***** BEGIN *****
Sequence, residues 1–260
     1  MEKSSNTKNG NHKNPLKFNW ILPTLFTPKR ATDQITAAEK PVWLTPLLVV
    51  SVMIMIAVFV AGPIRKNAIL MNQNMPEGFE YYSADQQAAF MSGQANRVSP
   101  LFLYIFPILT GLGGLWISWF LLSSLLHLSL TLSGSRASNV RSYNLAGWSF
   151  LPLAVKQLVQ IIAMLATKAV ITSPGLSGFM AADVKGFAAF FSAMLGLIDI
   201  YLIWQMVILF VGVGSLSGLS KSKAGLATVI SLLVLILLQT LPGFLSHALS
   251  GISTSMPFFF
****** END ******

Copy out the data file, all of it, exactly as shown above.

Sequence, residues 1–260
     1  MEKSSNTKNG NHKNPLKFNW ILPTLFTPKR ATDQITAAEK PVWLTPLLVV
    51  SVMIMIAVFV AGPIRKNAIL MNQNMPEGFE YYSADQQAAF MSGQANRVSP
   101  LFLYIFPILT GLGGLWISWF LLSSLLHLSL TLSGSRASNV RSYNLAGWSF
   151  LPLAVKQLVQ IIAMLATKAV ITSPGLSGFM AADVKGFAAF FSAMLGLIDI
   201  YLIWQMVILF VGVGSLSGLS KSKAGLATVI SLLVLILLQT LPGFLSHALS
   251  GISTSMPFFF